Recently, I’ve drawn inspiration from mixed media artist Chris Ofili. I’m attracted to his innovative use of collage and creation of new imagery. I hope to explore some of his mixed media techniques further, such as the use of polyester resin and other unconventional art materials. His experimental use of colour and sense of freedom has gripped me since the first time I saw it in person at the Tate Modern. I feel that through studying his work I have learnt a great deal.
Chris Ofili, Third Eye Vision, 1999
Oil, acrylic, paper collage, glitter, polyester resin, map pins and elephant dung on linen
July 27, 2012
What are your favourite mediums to work in and why?
My favourite mediums to work in are collage and painting. The former is an exciting, flexible and instant method of working; it is especially suitable for linking words and visual associations in my own image making. I use film in the same way as collage as a means to use multiple-imagery, and create a certain mood, when exploring any given subject. Painting, for myself, is an equally flexible medium, allowing moods and feelings to be explored in a more abstracted way in terms of mark making and colour.
What are your stylistic influences?
This is an intricate question to answer as I take my inspiration from many contemporary and traditional influences. Both Chris Ofili and Robert Rauschenberg demonstrate the possibilities of mixed-media. Equally Jenny Saville, Lucien Freud and Edvard Munch have influenced my painting style and variety of mark-making. Colourists Henri Matisse, Edgar Degas, and more recently Allen Merion Ginsberg and Steven Shearer, have influenced my psychedelic palette.
Briefly describe how your practice has changed and evolved both conceptually and in terms of medium
While my earlier work attempted to combine collage and oil-painting coherently, my most recent work focuses on expression through paint and innovative use of colour. In some aspects my paint application is informed by my collage skills in its application. The theme of portraiture in both conventional and nonconventional depictions has been a constant throughout my work.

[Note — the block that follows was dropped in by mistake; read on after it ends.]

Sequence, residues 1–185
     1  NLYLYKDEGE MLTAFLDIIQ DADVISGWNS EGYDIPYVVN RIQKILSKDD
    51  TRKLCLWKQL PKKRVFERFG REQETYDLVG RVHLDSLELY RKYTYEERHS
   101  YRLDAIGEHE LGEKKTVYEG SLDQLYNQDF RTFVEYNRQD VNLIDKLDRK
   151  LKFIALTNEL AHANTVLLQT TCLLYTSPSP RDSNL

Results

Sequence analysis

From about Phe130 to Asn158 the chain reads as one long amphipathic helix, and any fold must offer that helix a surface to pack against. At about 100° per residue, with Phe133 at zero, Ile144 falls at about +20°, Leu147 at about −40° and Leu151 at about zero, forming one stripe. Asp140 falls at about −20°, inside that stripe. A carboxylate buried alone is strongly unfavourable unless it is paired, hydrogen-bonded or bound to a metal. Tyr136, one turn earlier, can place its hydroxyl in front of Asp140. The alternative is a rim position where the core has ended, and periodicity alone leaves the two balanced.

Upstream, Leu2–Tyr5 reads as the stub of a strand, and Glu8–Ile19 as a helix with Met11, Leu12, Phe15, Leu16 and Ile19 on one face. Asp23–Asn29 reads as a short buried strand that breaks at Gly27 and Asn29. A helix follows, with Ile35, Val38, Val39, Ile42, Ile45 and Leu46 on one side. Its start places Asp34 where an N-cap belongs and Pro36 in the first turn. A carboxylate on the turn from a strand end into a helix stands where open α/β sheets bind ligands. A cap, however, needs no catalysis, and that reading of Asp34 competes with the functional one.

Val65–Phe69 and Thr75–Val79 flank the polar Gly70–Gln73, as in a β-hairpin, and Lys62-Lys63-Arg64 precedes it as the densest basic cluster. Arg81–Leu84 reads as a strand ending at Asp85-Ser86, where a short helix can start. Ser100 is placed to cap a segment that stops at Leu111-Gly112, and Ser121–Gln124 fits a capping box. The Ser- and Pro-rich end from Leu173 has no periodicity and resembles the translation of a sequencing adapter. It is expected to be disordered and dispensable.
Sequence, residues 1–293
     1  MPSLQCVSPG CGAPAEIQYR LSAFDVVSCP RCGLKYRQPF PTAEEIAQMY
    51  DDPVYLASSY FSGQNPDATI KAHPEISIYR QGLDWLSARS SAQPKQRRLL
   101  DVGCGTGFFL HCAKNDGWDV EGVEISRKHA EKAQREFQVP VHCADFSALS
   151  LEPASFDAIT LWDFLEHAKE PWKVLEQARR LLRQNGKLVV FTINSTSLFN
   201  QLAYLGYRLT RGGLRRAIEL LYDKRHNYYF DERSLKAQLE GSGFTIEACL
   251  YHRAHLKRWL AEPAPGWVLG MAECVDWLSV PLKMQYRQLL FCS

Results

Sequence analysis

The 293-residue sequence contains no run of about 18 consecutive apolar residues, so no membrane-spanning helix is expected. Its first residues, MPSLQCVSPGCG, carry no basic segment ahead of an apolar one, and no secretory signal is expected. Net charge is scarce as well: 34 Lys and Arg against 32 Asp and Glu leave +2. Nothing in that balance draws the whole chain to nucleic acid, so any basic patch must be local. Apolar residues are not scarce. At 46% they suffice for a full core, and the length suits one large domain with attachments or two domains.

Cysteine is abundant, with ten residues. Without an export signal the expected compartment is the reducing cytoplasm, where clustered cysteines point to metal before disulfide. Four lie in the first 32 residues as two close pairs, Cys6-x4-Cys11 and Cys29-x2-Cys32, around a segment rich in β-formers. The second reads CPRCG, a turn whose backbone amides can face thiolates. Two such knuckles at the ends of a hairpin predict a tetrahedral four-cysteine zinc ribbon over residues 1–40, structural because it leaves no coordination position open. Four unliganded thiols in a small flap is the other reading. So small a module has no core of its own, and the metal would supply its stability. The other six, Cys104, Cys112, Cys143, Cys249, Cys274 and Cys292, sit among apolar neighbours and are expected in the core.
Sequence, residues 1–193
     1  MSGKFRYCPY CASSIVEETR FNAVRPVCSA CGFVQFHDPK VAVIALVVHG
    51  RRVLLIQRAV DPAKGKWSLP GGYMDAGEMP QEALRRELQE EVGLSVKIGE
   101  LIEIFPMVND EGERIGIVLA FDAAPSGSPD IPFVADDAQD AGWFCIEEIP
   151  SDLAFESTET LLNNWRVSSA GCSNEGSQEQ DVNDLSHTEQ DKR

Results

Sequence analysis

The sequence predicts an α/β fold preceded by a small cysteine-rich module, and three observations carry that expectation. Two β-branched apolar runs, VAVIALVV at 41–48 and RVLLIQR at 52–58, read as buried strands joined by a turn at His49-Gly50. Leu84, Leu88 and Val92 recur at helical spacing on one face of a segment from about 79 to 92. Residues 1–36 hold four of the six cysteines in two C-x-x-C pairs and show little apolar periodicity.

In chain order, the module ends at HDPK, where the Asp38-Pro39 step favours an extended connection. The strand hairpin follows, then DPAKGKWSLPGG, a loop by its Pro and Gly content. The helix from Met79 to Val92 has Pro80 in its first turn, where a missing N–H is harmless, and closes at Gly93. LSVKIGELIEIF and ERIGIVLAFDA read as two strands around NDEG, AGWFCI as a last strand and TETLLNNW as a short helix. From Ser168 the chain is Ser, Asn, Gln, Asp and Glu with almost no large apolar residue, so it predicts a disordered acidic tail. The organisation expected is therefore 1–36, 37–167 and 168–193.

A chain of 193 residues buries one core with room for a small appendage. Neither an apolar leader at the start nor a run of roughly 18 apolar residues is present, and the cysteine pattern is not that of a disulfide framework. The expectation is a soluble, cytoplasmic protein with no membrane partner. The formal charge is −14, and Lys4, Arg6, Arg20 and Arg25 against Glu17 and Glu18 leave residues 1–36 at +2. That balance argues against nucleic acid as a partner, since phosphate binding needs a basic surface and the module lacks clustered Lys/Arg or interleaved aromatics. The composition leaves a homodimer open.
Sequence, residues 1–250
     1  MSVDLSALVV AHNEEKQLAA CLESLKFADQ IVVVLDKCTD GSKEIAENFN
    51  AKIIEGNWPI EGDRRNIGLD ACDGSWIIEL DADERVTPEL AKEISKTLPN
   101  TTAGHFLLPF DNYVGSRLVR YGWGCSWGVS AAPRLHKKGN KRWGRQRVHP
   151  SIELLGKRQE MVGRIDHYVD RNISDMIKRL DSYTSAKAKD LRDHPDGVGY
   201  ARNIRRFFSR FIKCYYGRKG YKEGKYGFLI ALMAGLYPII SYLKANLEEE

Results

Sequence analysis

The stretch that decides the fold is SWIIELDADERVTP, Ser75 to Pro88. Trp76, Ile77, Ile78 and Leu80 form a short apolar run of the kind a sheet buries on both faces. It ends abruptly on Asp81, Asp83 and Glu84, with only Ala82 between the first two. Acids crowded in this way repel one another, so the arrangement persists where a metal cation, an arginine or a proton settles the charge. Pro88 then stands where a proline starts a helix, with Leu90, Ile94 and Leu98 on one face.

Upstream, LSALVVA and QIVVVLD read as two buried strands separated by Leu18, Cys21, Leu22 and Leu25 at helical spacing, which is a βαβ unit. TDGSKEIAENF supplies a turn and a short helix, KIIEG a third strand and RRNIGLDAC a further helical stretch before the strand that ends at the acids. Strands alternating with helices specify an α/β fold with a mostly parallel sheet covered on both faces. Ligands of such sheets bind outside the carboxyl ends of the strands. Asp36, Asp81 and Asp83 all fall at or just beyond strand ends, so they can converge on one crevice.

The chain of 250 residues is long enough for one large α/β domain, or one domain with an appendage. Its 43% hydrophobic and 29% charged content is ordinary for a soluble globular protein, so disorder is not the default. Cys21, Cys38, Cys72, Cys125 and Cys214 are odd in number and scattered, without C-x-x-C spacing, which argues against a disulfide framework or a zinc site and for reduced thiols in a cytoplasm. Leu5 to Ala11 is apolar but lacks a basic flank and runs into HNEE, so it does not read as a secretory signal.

What are your conceptual influences?
Much of my work is autobiographical, and therefore partly inspired by other self-portraiture. The self-reflective works of Frida Kahlo and Tracey Emin have been a great source of inspiration, as well as Surrealist and Dada techniques such as automatic writing and Dada-poetry. As my work focuses on people, my own life and relationships inspire me when depicting others.
What is your most recent work about and what does it attempt to explore?
My recent work explores the idea of portraiture as interpretation. Such a project also questions the notion of identity. The series of paintings is an experiment in which, as a woman, I painted not only a female model but also a close friend of a different ethnicity. I wanted to see how these elements would become visible through my interpretations and secondly if my image-making would change as a result of this. I looked into the idea of metaphorical and abstract portraiture as a way to suggest or depict a personality. Through this piece of writing, I will further explore and research the concepts of both my past and present work, giving a descriptive account of my artistic journey.
Metaphorical and Narrative Self-Portraiture
This section aims to show the link between my early work and other modern and post-modern artists who used alternative methods in self-expression.